One more post on Salem’s Winter Island, where (in addition to Fort Pickering) there are two historical resources that have long been the focus of discussion and concern: the former Coast Guard seaplane hangar and barracks/administration building, shown in “then (1938) and now” photographs below.
As you can see, these building have deteriorated dramatically following the closure of Air Station Salem in 1970. Still, the new master plan for Winter Island proposes their rehabilitation and adaptive reuse. I hope I am wrong, but it looks like it’s a little late for the Barracks Building, but a template for what could happen with the hangar is provided by the redevelopment of its twin in Miami. The hangar at the former Coast Guard Air Station Miami at Dinner Key, built in the same year (1935) as the Salem hangar with identical plans, has been transformed into an adaptive aquatic center by the Shake-a-Leg Foundation in cooperation with the City of Miami. One possibility for a site with lots of potential.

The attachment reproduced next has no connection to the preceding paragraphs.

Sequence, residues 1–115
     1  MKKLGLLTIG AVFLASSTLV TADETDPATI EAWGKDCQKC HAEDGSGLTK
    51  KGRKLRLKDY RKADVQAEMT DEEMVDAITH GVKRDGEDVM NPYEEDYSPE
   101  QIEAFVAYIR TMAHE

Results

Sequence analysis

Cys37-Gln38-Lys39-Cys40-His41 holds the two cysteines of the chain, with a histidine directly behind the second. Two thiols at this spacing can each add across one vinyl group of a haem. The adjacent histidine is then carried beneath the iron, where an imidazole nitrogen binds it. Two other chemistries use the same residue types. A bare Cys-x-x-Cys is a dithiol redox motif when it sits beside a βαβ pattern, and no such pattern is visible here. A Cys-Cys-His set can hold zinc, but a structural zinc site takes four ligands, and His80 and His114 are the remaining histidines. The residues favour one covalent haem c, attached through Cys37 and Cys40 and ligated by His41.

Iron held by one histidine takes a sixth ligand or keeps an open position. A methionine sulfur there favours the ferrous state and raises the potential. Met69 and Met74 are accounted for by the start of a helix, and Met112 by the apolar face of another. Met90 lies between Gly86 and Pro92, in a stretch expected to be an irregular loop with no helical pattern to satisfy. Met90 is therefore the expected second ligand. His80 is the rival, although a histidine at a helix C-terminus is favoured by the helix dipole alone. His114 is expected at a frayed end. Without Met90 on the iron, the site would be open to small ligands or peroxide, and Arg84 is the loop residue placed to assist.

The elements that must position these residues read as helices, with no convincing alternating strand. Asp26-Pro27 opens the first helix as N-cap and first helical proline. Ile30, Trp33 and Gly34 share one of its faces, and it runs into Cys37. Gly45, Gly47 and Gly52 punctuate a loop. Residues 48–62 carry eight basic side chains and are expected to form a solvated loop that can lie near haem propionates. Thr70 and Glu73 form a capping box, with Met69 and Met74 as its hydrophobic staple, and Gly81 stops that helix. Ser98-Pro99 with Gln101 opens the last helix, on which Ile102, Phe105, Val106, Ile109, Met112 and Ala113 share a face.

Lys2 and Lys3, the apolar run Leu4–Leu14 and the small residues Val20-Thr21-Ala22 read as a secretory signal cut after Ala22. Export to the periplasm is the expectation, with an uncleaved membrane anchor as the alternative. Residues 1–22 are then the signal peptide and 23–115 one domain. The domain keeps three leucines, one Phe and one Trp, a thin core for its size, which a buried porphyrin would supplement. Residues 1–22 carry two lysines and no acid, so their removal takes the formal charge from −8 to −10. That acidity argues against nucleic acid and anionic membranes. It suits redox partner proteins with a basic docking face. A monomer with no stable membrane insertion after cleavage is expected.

Musters in Salem and Miami, from the Coast Guard Historian’s Office. The Shake-a-Leg Aquatic Center in Miami with its rehabilitated hangar.
Another possibility, perhaps even more attractive as it involves year-round use, would be to convert the hangar into an indoor recreational facility. The best example I could find of a pre-World War II hangar turned into a sports arena was in Seattle, where a private company transformed the historic Sand Point Seaplane Hangar #27 (built in 1938) into a sports club. I think that the terms of the conveyance of the Winter Island site from the Federal government to the city of Salem would mandate a public venture, but hangars do seem to be well-suited to this particular use.
The former Sand Point Naval Air Hangar #27 in Seattle and the present Arena Sports Magnuson. Architectural Design by Clark Design Group, Seattle.